WASHINGTON (AP) _ The Army, alarmed by the number of its soldiers who are being run over in their sleep by tanks and other vehicles, has launched a new safety campaign and demanded stricter disciplinary action by officers against troops who ignore safety guidelines.

''Getting run over by a tactical vehicle is not and should not be something soldiers expect to happen - especially when they are sleeping. But happen it does - and too often,'' according a report appearing in Countermeasure, an Army safety publication.

The report said that from March 25, 1984, to Oct. 28, 1986, 22 sleeping soldiers were run over in 19 separate accidents during field training exercises.

''Seven of the soldiers died,'' the report said. ''Eight of the accidents involved tracked vehicles; the other 11 involved wheeled vehicles. In three of the accidents, two soldiers were run over.''

The report concluded that most of the accidents occurred for two reasons - soldiers went to sleep in areas where they shouldn't have, and vehicle drivers failed to send out crew members as walking guides to spot sleeping soldiers.

It found that 74 combat vehicles had been involved in accidents over the past three years because of improper ''ground guiding.'' Those accidents resulted in 71 injuries and 12 fatalities and left $1 million worth of damage in their wake, the report found.

The Army was unable Monday to provide precise figures on accidents involving sleeping soldiers before 1984, but acknowledged that such mishaps appeared to be increasing.

In launching the new safety campaign, Countermeasure included a photograph on its cover showing an armored personnel carrier bearing down on two apparently sleeping soldiers zipped into sleeping bags.

The safety report also included accounts of some recent accidents. Among them:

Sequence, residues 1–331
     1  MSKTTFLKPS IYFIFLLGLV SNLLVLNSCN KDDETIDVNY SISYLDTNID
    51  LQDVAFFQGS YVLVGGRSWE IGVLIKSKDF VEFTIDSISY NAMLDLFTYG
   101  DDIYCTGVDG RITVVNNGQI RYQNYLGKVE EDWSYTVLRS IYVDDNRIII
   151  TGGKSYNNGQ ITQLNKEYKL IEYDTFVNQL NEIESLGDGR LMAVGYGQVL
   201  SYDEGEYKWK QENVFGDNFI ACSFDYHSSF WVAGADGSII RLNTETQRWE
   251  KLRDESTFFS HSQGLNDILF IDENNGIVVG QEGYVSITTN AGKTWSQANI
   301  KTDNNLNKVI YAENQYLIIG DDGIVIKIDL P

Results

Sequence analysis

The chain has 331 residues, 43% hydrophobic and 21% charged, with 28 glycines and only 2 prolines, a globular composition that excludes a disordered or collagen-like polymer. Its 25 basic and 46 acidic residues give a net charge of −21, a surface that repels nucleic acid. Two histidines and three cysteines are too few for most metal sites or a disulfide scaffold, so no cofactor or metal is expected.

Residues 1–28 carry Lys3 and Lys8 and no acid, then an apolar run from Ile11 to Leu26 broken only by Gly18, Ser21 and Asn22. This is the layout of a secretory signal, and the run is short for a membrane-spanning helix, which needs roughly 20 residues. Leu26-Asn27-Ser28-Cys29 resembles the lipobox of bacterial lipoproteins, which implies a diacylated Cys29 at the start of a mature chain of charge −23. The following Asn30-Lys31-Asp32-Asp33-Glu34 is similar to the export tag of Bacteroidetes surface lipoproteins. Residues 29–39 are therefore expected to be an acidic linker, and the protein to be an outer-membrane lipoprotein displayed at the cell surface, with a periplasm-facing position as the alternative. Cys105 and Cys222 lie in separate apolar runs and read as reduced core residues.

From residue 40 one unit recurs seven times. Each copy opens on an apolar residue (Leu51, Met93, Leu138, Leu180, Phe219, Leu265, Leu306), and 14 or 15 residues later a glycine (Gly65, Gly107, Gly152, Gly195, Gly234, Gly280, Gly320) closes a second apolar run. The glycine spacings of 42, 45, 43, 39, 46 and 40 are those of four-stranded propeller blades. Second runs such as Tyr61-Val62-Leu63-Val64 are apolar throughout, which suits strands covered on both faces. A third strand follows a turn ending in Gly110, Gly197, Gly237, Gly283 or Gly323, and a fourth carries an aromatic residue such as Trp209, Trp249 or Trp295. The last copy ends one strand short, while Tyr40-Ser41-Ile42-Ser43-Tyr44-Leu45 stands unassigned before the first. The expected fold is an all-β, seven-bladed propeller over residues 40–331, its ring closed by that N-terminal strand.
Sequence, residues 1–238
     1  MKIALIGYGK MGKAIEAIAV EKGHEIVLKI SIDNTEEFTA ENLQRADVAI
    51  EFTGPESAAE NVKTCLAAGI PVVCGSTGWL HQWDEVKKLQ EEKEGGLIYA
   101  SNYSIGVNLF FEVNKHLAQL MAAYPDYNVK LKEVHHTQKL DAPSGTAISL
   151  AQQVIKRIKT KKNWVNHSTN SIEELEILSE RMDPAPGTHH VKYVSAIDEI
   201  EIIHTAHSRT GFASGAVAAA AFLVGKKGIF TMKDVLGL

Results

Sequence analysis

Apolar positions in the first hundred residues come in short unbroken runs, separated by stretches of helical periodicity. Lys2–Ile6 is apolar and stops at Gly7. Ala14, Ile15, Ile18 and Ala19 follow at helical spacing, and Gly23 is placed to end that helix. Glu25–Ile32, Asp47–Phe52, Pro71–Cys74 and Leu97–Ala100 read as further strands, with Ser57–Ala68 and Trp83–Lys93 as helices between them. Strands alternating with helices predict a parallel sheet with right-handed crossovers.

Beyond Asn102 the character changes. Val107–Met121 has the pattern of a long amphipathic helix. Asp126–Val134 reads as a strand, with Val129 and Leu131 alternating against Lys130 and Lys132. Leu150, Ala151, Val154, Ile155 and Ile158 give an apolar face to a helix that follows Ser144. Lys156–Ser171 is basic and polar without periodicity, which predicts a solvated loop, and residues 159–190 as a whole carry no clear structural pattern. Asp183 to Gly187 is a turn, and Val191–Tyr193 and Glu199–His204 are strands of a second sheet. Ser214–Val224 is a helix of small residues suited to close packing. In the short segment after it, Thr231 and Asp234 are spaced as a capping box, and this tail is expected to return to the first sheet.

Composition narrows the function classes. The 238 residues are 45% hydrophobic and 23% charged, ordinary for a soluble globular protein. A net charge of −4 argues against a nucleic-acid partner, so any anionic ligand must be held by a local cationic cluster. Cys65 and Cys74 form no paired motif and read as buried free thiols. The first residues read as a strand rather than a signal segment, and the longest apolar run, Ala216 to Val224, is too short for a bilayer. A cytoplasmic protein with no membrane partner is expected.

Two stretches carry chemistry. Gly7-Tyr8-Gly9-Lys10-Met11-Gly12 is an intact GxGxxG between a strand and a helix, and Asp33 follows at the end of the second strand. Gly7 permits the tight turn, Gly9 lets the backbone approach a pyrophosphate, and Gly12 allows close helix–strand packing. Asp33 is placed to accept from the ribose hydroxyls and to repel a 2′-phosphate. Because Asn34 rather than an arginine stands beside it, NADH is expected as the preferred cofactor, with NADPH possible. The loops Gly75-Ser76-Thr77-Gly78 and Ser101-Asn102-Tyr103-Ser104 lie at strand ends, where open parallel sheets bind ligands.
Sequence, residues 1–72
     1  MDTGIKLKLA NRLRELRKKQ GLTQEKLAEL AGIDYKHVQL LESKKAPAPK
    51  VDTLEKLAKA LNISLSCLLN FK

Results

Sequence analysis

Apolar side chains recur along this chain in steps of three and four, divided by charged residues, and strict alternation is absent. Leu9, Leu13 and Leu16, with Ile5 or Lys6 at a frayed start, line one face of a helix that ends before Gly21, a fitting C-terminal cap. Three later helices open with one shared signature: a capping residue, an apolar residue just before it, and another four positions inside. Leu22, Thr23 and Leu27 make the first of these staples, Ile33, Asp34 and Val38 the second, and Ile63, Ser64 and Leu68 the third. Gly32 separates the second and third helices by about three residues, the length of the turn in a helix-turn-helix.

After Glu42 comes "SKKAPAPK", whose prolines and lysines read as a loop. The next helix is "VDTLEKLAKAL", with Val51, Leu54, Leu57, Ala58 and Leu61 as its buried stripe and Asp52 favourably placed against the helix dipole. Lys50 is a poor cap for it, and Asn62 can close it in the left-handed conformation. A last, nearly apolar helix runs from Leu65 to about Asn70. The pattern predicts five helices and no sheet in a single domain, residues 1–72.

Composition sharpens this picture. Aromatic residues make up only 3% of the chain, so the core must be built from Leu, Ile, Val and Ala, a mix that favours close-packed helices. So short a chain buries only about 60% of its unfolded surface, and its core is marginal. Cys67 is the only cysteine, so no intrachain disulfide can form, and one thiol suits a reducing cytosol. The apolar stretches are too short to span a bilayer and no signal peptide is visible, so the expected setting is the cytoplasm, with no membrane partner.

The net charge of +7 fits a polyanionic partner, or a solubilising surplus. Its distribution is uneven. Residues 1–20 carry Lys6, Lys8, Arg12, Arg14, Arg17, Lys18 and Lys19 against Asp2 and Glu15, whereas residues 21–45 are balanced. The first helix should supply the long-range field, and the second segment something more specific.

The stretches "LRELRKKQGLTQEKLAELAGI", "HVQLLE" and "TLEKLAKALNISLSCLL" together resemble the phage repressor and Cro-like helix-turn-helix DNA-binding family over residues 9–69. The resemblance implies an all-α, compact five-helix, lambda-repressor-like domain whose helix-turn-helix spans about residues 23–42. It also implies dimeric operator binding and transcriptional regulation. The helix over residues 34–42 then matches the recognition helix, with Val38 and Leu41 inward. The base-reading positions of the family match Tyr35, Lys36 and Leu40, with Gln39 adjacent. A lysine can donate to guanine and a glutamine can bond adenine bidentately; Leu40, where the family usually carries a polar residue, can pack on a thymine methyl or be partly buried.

-After a training exercise, a soldier was told to sleep in a special area marked off by wire and lights. He ignored the order and bedded down some distance away in tall grass, only to be run over by a construction loader that moved through the area without a walking guide. The soldier died of his injuries.

-An armored personnel carrier got lost and ended up driving through a designated sleeping area - primarily because the vehicle's commander failed to dispatch a walking guide. A soldier awoke as the carrier ran over his foot.

-And in another case involving a personnel carrier, the vehicle broke down in the field and the crew was told ''to hold its position awaiting maintenance.'' While waiting, one soldier climbed off the carrier and went to sleep beside it. When another personnel carrier pulled up beside the disabled vehicle, the soldier was crushed.

To counter such mishaps, the safety publication called for a new education campaign to teach all soldiers a series of ''ground-guiding'' hand motions that are recognized by vehicle drivers. The Army's Safety Center at Fort Rucker, Ala., also has issued a notice to officers, urging tough disciplinary action and an end to the labeling of such mishaps as accidents.

''The word 'accident' implies that no one was at fault,'' the notice stated.

''But the truth of the matter is that, in most cases when soldiers injure themselves or their fellow soldiers, they have violated written or oral policies or procedures. Now is the time ... to start calling it like it is and start taking disciplinary action against violators.''